Accrual of holiday during sick leave is a highly complex issue. 

It is clear that holiday continues to accrue while employees are on sick leave. If employees have not been able to use their entitlement due to sickness, they must be allowed to carry forward accrued holiday to the subsequent holiday year (at least in respect of four weeks’ leave).

However, it is not clear when that carried-forward leave expires or if there is any limit on the amount that can accrue.  

Holiday also continues to accrue while an employee is on maternity leave or similar (eg shared parental leave) and must be permitted to be carried forward if it cannot be used during the leave year.

When employees who are on holiday become sick, the sick days cannot be counted as holidays so must be added back to their unused holiday entitlement, to be taken at a later date.

Creating an Annual leave policy can help employers to comply with the law on some of these issues by setting out a clear approach.

While in England and Wales, there are currently 8 bank holidays, there are 9 in Scotland. 

In England and Wales, bank holidays tend to be automatic public holidays (the majority of workers are given the day off and the day is generally observed as a holiday). However, this is not the case in Scotland. In Scotland, there is much less uniformity regarding which bank and local holidays are granted as paid leave to employees. As a result, Scottish employment contracts will usually provide a holiday entitlement of a mixture of bank and local holidays. Not everyone is entitled to paid leave on bank or public holidays.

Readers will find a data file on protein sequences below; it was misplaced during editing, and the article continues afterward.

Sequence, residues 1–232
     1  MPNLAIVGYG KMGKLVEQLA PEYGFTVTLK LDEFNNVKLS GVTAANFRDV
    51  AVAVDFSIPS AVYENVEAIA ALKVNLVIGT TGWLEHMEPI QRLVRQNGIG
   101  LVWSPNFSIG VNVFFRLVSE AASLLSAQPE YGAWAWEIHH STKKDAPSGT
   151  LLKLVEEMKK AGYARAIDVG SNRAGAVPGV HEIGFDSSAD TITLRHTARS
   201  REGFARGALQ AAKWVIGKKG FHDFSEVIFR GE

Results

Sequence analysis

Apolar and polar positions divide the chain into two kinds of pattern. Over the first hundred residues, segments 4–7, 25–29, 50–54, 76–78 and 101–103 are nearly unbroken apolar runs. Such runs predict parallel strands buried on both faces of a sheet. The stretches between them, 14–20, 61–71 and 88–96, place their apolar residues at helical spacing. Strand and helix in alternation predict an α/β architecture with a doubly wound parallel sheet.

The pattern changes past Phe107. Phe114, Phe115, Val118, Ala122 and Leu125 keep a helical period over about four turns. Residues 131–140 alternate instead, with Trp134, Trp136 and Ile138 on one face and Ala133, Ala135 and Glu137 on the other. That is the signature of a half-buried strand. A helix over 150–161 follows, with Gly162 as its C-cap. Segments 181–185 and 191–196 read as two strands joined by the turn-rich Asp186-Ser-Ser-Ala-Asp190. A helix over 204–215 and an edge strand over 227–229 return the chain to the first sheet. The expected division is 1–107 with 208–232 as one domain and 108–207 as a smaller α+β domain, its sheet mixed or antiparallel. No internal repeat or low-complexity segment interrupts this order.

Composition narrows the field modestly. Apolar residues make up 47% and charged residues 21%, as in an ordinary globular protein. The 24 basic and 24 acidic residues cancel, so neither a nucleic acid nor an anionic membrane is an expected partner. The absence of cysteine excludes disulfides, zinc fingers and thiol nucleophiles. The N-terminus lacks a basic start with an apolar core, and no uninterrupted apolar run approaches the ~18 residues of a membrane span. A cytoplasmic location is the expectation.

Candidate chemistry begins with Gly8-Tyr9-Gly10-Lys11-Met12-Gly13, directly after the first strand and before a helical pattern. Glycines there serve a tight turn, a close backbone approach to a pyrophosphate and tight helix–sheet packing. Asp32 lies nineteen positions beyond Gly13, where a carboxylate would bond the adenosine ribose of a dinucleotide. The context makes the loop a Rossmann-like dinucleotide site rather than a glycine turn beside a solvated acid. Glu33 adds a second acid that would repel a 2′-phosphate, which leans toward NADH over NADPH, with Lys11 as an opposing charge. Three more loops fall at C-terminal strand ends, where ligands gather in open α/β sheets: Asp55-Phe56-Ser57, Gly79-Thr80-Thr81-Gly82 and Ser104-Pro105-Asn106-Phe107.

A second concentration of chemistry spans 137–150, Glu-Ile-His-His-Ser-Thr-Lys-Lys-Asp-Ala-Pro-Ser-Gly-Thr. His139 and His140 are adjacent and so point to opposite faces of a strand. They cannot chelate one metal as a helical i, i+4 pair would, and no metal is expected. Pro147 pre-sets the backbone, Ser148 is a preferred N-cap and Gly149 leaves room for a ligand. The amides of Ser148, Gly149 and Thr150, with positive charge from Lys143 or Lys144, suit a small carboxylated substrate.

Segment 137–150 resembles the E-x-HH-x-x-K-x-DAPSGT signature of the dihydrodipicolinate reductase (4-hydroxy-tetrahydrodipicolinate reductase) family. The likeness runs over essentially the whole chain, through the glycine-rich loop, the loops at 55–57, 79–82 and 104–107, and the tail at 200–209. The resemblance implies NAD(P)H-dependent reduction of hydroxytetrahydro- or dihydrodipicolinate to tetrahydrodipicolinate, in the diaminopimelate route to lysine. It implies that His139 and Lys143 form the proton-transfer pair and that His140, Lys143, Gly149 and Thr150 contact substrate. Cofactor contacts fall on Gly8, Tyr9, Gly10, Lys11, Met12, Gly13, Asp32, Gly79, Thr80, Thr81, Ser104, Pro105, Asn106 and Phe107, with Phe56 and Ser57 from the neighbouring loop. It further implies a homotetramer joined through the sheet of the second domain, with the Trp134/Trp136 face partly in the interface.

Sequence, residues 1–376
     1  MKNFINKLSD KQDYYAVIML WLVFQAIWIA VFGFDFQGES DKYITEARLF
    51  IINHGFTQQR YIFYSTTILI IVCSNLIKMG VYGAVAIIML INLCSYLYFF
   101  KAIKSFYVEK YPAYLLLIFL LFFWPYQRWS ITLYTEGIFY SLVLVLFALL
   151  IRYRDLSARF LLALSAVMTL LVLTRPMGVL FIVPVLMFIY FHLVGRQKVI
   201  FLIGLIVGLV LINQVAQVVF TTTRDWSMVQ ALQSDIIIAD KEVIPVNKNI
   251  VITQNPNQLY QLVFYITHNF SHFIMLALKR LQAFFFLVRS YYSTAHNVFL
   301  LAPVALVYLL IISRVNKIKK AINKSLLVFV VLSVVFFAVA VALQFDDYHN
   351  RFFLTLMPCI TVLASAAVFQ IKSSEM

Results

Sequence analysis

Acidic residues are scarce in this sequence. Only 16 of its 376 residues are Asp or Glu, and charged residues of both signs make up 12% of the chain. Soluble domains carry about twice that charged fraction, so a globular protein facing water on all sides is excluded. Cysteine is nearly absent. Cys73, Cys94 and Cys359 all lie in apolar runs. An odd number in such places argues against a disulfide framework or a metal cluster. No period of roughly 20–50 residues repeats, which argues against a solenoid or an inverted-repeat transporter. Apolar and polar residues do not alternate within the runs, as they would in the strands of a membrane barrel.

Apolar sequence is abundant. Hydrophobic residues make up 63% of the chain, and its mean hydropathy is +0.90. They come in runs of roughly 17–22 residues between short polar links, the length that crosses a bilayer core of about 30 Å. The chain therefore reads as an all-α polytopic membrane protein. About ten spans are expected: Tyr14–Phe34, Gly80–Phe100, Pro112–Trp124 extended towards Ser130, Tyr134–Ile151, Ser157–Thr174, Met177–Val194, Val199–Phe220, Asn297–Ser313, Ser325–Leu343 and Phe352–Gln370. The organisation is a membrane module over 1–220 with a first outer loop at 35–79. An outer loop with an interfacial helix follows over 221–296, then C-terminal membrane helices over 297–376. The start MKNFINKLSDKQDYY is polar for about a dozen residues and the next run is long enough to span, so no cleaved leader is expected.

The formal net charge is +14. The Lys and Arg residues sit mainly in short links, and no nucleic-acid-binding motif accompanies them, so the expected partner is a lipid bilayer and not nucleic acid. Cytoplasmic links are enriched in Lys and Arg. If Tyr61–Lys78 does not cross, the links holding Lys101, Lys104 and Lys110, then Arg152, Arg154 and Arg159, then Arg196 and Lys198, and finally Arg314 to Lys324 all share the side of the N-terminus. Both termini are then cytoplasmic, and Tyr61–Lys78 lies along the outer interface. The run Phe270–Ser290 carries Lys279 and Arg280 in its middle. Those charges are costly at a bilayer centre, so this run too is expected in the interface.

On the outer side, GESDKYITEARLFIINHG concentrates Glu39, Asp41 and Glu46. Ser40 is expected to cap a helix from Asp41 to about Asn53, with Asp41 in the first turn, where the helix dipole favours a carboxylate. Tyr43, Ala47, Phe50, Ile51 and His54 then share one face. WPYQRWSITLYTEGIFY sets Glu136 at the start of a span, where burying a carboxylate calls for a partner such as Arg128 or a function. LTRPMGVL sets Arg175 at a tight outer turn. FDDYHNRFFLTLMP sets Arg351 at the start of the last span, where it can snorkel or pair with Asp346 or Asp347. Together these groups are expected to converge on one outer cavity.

In light of the Coronavirus (COVID-19) pandemic, the government passed emergency legislation to protect workers from losing their statutory holiday entitlement under The Working Time (Coronavirus) (Amendment) Regulations 2020. This allowed workers to carry their holiday entitlement forward where it has not been reasonably practical to take it in the leave year which is relevant.

Where it has been impractical for a worker to take some of their holiday due to the pandemic, the holiday may be carried forward into the next 2 leave years. 

The Regulations allow employees and workers to carry over up to 4 weeks' statutory paid holiday into their next 2 holiday leave years, due to the effects of Coronavirus (COVID-19).

Reasons for this could include:

  • they were self-isolating or too sick to take holiday before the end of their leave year
  • they had to continue working and could not take paid holiday
  • they were on furlough and could not reasonably use all their holiday in the holiday year

When calculating how much holiday a worker can carry forward, employers must give workers the opportunity to take any leave that they cannot carry forward before the end of the leave year.

To find out more information on employee holidays due to coronavirus read the Government’s guidance.

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Answer a few questions. We'll take care of the rest